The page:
My opinion as to why you yourself did not notice your social feed wasn’t working is because you spent so much time shouting you failed to realize no one was actually responding. Had you spent more time talking to people instead of shouting, the people you were talking to would definitely have missed you.

    Oh by the way, after I had written this comment, I went to add another social media site above and it erased my entire comment. Blogs aren’t immune from suckage, sometimes shiz just happens.

  48. Tino Kremer on August 22nd, 2010 12:19 pm

    Leo, I’m sorry to say but you missed the point. Services like Twitter or the not-so-well adopted Google Buzz are not there to replace your blog or other means of expressing yourself. They are there for another resaon. I still don’t get why serious bloggers ditched their blogs and try to replace it with services like twitter. Come on, twitter allows you to have 140 characters at a time. No serious expression of thoughts can fit in that small space.

    I use twitter for something else. I see twitter as a link sharing community. My friends are there, a lot of “strangers” are there finding my posts by searching in the huge database. I do not use it to replace my blog postings, I still blog. I export a link to my blog postings on twitter though. It allows me and many others to share links to interesting information. It also allows me to “broadcast” some small thoughts, not worthy enough to devote a whole blogpost to it.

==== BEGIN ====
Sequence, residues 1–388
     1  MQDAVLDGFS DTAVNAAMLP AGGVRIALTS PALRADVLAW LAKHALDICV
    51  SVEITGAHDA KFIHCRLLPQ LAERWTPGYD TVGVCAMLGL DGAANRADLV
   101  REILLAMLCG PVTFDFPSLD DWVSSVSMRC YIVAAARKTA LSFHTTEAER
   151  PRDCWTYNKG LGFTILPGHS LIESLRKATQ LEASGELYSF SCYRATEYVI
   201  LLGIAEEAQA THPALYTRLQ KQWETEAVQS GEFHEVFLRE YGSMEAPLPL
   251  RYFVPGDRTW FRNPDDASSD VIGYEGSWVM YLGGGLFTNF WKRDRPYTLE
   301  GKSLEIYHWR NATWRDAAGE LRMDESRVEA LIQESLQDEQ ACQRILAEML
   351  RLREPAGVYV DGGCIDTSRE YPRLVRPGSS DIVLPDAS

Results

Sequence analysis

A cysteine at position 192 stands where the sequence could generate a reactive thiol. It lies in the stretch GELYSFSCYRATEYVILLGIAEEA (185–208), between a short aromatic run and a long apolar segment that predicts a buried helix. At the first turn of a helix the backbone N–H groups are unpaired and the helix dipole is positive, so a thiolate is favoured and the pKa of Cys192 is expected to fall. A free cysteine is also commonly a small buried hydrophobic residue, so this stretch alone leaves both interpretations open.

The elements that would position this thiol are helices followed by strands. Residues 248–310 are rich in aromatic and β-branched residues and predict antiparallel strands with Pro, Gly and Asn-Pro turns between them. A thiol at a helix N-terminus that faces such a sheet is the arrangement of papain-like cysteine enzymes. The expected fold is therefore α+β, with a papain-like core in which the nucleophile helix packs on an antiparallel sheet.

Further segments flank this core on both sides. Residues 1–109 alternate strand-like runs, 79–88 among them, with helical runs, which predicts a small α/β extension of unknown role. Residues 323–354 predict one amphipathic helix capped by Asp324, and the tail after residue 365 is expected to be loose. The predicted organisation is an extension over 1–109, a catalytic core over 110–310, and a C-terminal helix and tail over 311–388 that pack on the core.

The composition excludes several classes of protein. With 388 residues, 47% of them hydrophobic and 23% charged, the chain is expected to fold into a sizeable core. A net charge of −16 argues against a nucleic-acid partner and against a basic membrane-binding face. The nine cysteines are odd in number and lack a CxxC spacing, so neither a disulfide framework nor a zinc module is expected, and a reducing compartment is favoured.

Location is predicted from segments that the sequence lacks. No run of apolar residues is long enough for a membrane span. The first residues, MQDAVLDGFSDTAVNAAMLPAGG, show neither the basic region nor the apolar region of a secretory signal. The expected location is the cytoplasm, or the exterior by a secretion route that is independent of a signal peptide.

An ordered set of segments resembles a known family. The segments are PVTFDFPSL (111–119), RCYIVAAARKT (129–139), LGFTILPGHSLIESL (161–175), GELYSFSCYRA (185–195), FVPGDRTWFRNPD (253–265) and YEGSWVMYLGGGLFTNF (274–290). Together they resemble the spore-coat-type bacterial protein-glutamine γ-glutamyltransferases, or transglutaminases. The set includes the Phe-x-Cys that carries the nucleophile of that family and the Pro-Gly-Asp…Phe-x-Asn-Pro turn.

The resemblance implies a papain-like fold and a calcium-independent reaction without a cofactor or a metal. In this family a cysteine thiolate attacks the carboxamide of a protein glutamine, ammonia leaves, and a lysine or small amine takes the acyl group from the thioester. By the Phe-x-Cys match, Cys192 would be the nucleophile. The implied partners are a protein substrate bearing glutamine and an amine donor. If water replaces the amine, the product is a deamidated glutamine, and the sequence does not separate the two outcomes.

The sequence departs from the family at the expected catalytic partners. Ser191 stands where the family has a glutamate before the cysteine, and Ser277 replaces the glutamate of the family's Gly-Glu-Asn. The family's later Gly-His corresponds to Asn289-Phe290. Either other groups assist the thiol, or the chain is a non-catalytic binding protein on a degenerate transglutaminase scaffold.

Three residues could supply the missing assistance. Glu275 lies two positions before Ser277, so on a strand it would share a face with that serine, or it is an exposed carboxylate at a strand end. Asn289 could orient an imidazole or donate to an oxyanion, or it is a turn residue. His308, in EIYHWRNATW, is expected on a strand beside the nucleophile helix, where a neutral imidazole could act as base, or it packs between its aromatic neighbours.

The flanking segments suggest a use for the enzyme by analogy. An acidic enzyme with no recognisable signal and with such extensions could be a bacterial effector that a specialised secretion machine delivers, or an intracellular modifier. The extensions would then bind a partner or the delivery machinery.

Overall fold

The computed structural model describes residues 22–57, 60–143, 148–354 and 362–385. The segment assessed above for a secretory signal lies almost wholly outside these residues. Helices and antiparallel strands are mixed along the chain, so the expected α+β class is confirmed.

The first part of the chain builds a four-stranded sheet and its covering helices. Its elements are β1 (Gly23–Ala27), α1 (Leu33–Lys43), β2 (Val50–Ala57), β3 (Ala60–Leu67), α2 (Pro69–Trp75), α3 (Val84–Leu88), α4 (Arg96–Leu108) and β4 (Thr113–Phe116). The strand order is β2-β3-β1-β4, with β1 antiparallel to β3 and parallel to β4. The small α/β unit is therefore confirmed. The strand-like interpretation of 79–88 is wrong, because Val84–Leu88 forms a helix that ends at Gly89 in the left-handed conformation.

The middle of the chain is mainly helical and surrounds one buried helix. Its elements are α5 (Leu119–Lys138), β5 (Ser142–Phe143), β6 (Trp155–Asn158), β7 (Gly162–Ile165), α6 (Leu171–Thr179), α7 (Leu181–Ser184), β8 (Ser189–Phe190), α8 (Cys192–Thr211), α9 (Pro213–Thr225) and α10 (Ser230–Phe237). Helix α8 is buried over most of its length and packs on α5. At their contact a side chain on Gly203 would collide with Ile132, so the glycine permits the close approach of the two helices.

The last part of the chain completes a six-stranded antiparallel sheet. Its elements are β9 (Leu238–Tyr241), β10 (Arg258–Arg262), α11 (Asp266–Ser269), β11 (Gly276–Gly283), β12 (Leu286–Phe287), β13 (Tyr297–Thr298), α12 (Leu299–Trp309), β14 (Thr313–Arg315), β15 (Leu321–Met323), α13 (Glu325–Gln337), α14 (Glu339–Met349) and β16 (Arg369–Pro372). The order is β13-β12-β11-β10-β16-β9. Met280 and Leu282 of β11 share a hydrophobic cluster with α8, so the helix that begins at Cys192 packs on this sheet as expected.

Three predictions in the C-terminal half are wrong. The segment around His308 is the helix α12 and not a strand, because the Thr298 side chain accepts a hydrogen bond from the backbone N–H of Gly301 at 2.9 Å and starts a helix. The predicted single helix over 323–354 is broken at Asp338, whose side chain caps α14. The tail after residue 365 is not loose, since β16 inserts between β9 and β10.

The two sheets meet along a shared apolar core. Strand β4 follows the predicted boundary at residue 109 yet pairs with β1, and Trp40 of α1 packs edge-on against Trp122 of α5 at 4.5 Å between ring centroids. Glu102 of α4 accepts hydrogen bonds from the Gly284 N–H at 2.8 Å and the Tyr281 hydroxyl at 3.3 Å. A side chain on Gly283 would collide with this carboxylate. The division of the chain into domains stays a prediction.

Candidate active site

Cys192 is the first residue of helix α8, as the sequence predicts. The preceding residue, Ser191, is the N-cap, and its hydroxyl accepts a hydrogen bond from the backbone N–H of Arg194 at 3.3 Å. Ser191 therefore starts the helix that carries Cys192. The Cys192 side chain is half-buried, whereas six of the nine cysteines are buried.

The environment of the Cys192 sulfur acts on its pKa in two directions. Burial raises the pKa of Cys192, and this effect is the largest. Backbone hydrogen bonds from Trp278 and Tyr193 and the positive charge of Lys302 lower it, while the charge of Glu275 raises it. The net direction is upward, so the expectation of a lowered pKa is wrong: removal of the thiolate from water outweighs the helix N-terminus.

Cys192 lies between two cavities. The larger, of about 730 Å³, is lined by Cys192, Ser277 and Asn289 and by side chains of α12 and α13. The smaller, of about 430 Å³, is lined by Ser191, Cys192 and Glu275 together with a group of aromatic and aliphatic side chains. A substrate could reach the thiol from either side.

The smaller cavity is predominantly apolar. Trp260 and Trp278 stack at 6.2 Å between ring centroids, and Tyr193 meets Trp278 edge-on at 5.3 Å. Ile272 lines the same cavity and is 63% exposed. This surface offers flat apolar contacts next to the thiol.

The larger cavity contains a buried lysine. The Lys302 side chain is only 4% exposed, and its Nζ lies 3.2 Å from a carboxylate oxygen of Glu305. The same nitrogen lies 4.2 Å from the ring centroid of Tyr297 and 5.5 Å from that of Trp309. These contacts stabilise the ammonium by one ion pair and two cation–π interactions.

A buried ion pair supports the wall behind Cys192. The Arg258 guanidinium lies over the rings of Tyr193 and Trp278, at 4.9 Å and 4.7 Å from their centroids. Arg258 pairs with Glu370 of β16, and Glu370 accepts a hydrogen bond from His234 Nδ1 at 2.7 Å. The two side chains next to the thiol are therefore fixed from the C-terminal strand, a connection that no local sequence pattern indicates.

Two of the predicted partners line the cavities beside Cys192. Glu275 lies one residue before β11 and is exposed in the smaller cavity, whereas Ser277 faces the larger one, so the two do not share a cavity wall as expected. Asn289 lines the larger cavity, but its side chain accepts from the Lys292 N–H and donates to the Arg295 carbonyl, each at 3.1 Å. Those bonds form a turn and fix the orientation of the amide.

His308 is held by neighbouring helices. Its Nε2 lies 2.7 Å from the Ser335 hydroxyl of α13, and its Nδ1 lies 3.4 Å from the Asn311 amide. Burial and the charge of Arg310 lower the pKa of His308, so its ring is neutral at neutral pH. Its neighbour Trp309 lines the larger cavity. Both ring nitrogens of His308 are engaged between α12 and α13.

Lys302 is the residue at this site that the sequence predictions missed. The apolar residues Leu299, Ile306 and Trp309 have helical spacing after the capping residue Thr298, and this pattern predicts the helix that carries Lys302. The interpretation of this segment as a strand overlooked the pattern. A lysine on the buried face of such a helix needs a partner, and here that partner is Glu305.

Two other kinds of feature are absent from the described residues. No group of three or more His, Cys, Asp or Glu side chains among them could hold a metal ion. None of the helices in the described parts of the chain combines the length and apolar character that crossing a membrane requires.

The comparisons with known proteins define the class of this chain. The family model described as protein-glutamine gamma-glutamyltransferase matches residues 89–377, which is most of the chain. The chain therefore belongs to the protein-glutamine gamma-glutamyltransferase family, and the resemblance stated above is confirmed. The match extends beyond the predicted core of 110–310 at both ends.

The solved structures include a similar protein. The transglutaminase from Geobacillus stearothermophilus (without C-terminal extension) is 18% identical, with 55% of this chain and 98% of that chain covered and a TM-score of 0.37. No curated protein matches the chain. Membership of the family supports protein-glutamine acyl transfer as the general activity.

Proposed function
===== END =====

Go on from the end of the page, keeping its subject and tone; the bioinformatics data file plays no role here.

And then for your observation nobody noticed. In fact, I think a lot of people noticed it. I have your twitter account in my stream as well. I also have twitlive, tricaster and other accounts linked to what you do. They have not gone silent. I was still able to keep  up with what you do. Therefore no alarm bells were going off YET.

    It becomes a problem when the community is too much spread out against the various services and sharing only reaches a small percentage of the community that might otherwise be interested in your stuff. That’s when we have to do crap like feeding one service feeds to another like you did with Buzz Can Tweet etc. It broke something vital on twitter too as you were no longer able to participate in the twitter discusions around your posts as you simply didn’t see them.

    My advice, use the services wisely. Twitter is a nice broadcasting platform with might very well replace RSS if it didn’t already done so. If you post a link to your blog posting on twitter, all twitter followers will be happy as they keep in touch with you. You might draw even new “followers” by doing so. A retweet is just one click away, something RSS can’t do at all.